Stefano Sandrone, Jimmy V. Berthaud, Chad Carlson, Jacquelyne Cios, Neel Dixit, Amtul Farheen, Jessica Kraker, James W. M. Owens, Gustavo Patino, Harini Sarva, Daniel Weber, Logan D. Schneider

    Nowadays, the “flipped classroom” approach is taking the center stage within medical education. However, very few reports on the implementation of the flipped classroom in neurology have been published to date, and this educational model still represents a challenge for students and educators alike. In this article, neurology educators from the American Academy of Neurology's A. B. Baker Section on Neurological Education analyze reports of flipped classroom in other medical/surgical subspecialties, review the current implementation in neurology, and discuss future strategies to flip the neurology curriculum through contextualization of the benefits and the consequences. ANN NEUROL 2019

  • α‐Amino‐3‐Hydroxy‐5‐Methyl‐4‐Isoxazolepropionic Acid Receptor Plasticity Sustains Severe, Fatal Status Epilepticus
    Ann. Neurol. (IF 9.496) Pub Date : 2019-11-20
    Nadia Adotevi, Ewa Lewczuk, Huayu Sun, Suchitra Joshi, Natalia Dabrowska, Sarah Shan, John Williamson, Jaideep Kapur

    Generalized convulsive status epilepticus is associated with high mortality. We tested whether α‐amino‐3‐hydroxy‐5‐methyl‐4‐isoxazolepropionic acid (AMPA) receptor plasticity plays a role in sustaining seizures, seizure generalization, and mortality observed during focal onset status epilepticus. We also determined whether modified AMPA receptors generated during status epilepticus could be targeted with a drug.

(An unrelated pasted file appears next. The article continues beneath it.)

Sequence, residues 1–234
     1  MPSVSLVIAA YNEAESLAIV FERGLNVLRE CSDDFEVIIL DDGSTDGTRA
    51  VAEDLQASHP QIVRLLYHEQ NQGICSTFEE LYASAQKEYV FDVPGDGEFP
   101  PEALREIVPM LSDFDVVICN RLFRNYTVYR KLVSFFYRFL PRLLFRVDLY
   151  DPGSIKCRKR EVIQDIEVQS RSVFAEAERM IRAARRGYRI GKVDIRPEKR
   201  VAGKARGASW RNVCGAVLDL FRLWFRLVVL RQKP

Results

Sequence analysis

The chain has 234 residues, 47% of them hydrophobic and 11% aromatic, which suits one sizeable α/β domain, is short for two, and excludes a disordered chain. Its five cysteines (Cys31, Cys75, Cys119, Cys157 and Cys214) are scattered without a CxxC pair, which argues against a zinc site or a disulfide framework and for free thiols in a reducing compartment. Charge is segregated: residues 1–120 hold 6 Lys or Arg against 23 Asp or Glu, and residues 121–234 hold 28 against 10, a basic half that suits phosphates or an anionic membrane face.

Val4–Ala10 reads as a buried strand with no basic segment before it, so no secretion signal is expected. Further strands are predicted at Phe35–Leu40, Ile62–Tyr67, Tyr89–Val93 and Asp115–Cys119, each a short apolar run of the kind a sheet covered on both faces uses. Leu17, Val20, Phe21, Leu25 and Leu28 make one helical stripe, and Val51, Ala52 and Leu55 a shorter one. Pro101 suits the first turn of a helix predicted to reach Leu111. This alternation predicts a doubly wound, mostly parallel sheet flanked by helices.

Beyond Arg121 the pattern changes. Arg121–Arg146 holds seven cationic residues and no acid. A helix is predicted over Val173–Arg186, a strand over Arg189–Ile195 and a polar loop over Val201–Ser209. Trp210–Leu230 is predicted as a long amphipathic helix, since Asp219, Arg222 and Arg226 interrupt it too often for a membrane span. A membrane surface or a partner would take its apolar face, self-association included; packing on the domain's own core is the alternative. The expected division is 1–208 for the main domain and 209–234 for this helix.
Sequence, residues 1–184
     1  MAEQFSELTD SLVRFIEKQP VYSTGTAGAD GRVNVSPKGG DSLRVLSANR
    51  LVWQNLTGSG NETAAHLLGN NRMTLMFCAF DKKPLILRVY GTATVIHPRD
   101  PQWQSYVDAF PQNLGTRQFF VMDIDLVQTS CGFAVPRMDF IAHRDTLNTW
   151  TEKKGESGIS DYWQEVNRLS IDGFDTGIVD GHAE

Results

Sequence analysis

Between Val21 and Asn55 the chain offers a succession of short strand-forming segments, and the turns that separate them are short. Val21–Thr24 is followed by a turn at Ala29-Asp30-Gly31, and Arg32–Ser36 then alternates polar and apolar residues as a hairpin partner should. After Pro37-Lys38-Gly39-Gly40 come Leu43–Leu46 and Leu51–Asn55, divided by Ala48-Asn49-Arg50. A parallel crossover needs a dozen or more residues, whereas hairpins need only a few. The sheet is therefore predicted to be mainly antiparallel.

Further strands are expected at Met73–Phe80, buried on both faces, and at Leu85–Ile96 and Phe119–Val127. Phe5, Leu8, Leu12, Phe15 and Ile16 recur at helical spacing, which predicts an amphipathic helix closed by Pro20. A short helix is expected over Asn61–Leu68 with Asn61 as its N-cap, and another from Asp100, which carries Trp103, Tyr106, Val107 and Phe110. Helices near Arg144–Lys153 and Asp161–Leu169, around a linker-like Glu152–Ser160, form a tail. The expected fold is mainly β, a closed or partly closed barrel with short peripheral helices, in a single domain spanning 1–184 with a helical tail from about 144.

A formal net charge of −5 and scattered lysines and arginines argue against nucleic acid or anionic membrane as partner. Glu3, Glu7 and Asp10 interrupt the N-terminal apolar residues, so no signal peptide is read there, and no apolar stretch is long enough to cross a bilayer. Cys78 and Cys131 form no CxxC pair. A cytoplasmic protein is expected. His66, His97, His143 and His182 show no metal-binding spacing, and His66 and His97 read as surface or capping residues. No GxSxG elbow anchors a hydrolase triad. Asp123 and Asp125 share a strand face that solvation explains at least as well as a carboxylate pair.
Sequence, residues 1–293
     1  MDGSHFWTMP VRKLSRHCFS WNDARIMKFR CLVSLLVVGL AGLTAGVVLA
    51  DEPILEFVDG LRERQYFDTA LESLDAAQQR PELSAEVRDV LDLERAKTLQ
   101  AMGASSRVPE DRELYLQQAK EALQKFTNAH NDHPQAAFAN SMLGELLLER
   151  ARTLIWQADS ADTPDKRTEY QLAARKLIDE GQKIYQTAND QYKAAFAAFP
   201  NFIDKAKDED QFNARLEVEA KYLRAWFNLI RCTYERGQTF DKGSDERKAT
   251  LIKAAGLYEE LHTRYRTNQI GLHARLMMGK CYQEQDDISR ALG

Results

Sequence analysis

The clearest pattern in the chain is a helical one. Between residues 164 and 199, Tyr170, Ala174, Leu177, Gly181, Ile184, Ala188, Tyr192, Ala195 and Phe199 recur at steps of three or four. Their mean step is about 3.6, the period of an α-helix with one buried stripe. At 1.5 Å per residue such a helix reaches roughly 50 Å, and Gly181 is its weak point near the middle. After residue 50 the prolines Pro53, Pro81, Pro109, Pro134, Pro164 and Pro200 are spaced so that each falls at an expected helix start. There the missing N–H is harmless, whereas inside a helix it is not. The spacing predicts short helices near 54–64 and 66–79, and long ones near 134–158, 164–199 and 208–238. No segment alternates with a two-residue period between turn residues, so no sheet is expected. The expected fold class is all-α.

• Genetic, Structural, and Functional Evidence Link TMEM175 to Synucleinopathies
    Ann. Neurol. (IF 9.496) Pub Date : 2019-11-18
    Lynne Krohn, Tuğba Nur Öztürk, Benoît Vanderperre, Bouchra Ouled Amar Bencheikh, Jennifer A. Ruskey, Sandra B. Laurent, Dan Spiegelman, Ronald B. Postuma, Isabelle Arnulf, Michele T. M. Hu, Yves Dauvilliers, Birgit Högl, Ambra Stefani, Christelle Charley Monaca, Giuseppe Plazzi, Elena Antelmi, Luigi Ferini‐Strambi, Anna Heidbreder, Uladzislau Rudakou, Valérie Cochen De Cock, Peter Young, Pavlina Wolf, Petra Oliva, Xiaokui Kate Zhang, Lior Greenbaum, Christopher Liong, Jean‐François Gagnon, Alex Desautels, Sharon Hassin‐Baer, Jacques Y. Montplaisir, Nicolas Dupré, Guy A. Rouleau, Edward A. Fon, Jean‐François Trempe, Guillaume Lamoureux, Roy N. Alcalay, Ziv Gan‐Or

    The TMEM175/GAK/DGKQ locus is the 3rd strongest risk locus in genome‐wide association studies of Parkinson disease (PD). We aimed to identify the specific disease‐associated variants in this locus, and their potential implications.

  • The “maternal effect” on epilepsy risk: Analysis of familial epilepsies and reassessment of prior evidence
    Ann. Neurol. (IF 9.496) Pub Date : 2019-11-18
    Colin A. Ellis, Samuel F. Berkovic, Michael P. Epstein, Ruth Ottman,

    Previous studies have observed that epilepsy risk is higher among offspring of affected women than offspring of affected men. We tested whether this “maternal effect” was present in familial epilepsies, which are enriched for genetic factors that contribute to epilepsy risk.

  • Lipid lowering and Alzheimer's disease risk: a Mendelian randomization study
    Ann. Neurol. (IF 9.496) Pub Date : 2019-11-12
    Dylan M. Williams, Chris Finan, Amand F. Schmidt, Stephen Burgess, Aroon D. Hingorani

    To examine whether genetic variation affecting the expression or function of lipid‐lowering drug targets is associated with Alzheimer's disease (AD) risk, to evaluate the potential impact of long‐term exposure to corresponding therapeutics.

  • T lymphocytes and cytotoxic astrocyte blebs correlate across autism brains
    Ann. Neurol. (IF 9.496) Pub Date : 2019-11-04
    Marcello M. DiStasio, Ikue Nagakura, Monica J. Nadler, Matthew P. Anderson